Is it New or is it Fake?
Legitimate Carlton Ware continued to be made after County Potteries led the pottery into receivership in 1989, and when its Copeland Street works was sold and turned into student accommodation and workshops.
Many do not realise that legitimate Carlton Ware was made until recently, specifically for the present owner of the Carlton Ware Trade mark, Francis Salmon. Although Carlton Ware no longer has its own pottery works, Mr Salmon used several independent potteries to make ware for him.
For the uninitiated, identifying legitimate Carlton Ware and establishing its age can be difficult. We hope this page helps you identify new and recent legitimate ware made elsewhere after the Copeland Street Pottery closed in 1989. This will also help you avoid the ever increasing number of fakes.
Sometimes, especially when this new legitimate ware is sold on eBay, the vendor does not say if it is new, recently made, or old, and when the style of the item looks old, mistakes can be made by purchasers.
Up until about 1992 John McCluskey, who had bought the Carlton Ware trade mark from the receivers in 1989, continued to offer a small range of items made at his industrial unit in nearby Stone. Mr. McCluskey continued to use the script mark, which was now his property, but added the letters TM above the letter e, as shown below.
This helps us identify ware made under his aegis, though this mark was also used by the next owner of the trade mark. To date no fakes have been found by us with this mark.
In 1997, after a period of dormancy, Mr. McCluskey sold the trade mark to Francis Salmon. Without a pottery to make ware, Mr. Salmon first used Moorland Pottery to produce his pots. Bairstow Manor Pottery and others have also been used. Below are some of the backstamps that have been employed on this recently made ware. These clearly show the association between the maker or other and the owner of the trade mark.
These backstamps are very detailed and even though sometimes the script mark appears without the addition of TM they are sufficiently different from any marks used before Mr. Salmon's ownership of the trade mark. In the examples above all are limited editions, which have been widely produced by many potteries in recent years. To date no fakes have been found by us with these marks.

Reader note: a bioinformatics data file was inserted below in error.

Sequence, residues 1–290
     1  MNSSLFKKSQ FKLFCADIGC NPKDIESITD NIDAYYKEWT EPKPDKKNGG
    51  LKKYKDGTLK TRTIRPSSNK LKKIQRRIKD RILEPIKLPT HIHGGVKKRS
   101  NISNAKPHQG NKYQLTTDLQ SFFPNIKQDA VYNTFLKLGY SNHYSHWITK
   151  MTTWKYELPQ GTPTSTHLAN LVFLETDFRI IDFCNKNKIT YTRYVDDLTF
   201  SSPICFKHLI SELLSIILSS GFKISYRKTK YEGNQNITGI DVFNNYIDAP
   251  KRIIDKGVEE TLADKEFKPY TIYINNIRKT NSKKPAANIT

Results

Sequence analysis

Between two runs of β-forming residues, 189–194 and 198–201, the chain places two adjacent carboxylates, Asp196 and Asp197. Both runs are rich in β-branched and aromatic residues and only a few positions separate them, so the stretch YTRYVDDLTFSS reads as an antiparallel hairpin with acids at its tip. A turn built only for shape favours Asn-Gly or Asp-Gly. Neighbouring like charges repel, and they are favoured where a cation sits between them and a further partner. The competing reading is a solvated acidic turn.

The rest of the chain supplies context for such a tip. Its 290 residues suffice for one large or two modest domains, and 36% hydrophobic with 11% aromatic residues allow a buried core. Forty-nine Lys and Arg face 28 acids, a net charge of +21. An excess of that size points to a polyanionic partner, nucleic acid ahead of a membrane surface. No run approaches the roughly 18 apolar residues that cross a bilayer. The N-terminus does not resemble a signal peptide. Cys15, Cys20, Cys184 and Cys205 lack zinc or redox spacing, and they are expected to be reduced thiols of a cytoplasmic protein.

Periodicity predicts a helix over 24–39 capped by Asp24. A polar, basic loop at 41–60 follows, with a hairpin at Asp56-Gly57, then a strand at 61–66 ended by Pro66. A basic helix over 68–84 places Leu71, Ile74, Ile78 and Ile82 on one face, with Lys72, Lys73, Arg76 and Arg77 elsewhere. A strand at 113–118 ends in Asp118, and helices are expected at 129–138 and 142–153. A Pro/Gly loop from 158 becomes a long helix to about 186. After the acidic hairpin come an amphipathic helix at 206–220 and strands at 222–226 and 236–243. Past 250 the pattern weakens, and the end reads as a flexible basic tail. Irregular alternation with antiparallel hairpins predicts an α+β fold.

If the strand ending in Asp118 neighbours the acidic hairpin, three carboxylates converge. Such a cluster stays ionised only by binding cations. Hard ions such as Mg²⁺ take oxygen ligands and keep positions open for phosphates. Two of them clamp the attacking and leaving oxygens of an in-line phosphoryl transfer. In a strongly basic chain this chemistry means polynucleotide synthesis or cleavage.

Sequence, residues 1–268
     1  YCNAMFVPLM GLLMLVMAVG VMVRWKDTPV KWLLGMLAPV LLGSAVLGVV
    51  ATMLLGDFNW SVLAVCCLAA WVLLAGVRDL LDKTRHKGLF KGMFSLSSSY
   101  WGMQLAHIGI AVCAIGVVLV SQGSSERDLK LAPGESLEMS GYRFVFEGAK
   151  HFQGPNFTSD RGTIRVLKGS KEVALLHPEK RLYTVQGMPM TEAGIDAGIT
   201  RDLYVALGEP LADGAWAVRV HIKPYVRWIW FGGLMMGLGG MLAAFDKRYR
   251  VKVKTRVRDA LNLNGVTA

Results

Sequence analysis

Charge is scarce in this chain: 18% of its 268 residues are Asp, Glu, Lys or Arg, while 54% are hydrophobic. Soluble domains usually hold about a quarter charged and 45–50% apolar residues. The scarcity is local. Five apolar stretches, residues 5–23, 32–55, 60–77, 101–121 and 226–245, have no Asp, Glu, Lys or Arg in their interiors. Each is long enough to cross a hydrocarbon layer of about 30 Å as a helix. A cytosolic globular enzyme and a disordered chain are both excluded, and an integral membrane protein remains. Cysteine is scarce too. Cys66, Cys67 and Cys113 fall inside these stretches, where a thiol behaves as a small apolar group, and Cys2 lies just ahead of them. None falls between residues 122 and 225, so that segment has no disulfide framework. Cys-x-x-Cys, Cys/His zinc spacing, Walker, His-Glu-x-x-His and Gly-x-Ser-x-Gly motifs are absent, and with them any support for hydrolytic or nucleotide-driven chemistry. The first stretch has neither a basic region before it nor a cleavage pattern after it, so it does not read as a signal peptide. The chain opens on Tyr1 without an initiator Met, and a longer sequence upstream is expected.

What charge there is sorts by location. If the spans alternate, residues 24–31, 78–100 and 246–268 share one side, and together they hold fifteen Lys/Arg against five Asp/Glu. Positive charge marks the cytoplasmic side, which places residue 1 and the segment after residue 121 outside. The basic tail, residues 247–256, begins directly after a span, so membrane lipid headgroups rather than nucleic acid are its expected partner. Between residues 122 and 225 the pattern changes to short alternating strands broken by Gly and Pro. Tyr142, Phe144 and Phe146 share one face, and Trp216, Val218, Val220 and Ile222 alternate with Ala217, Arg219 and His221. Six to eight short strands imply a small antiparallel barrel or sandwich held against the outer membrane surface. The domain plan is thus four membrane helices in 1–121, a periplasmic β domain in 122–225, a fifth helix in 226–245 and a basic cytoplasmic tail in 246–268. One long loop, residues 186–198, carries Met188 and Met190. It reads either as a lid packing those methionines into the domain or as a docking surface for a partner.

Many of Mr Salmon's designs have been very much influenced by pottery from the 1930s. Some of the new shapes and decorations mix elements from different potteries. For example, one of these hybrids is a combination of part of Carlton Ware's 1930s DEVIL pattern and a typical Clarice Cliff 'balloon tree', as on this conical sugar shaker, a shape used both by Miss Cliff and Carlton Ware in the Art Deco era.
Another example of recent Carlton Ware amalgamates a teapot, milk and sugar shape used by Clarice Cliff with a pattern by Mabel Lucie Attwell, similar to those used by Shelley Potteries in the 1930s.
Because both examples look as though they are from the 1930s, it is not difficult to see why collectors of original vintage Carlton Ware can make mistakes and not realise they are modern reproductions.
Thankfully, Mr Salmon used different backstamp's to those employed at Copeland Street, so the origin of these new, or newer, wares can be identified. The differences, however, can be slight and may help cause confusion, as may be the case on a current mark shown below.
This utilises the well-known Script mark, as well as a modification to what is known as the Coronet mark, not so well recognised. To date no fakes have been found by us with this mark.
Here, the Carlton Ware Script trade mark, which belongs to Mr. Salmon, has the addition of a tiny R in a circle just above and to the right of the letter e. This is the symbol for a Registered Trade Mark and was never used on ware made at Copeland Street.
The Coronet mark, shown on the immediate right, was registered by Wiltshaw & Robinson as a trade mark in 1928, but for some reason it was never used. At first sight this looks like the crown mark, shown far right, but notice that the crown in the earlier mark, has been replaced by a coronet and MADE IN ENGLAND has been removed. The two marks are shown side by side so you can compare them easily. Also compare Mr Salmon's New Coronet mark with the one from 1928 and notice that for this backstamp he has modified the mark by replacing W&R with the abbreviation Est 1890 and removes Carlton Ware. Though differences are small they are significant and help us tell new from old.
To complicate matters further, in 2012, figurines backstamped Carlton Ware are now being made under licence from Mr Salmon for the Yorkshire based Artware Collectables using the potteries that Mr Salmon has used. The main point of sale appears to be eBay. ❑
© Harvey Pettit 2008 & 2012
Note - 2016 - It appears that Mr Salmon has now ceased contracting out the making of Carlton Ware and his website associated with it is no longer active.
Carlton Ware World addresses the issues of fakes on separate pages.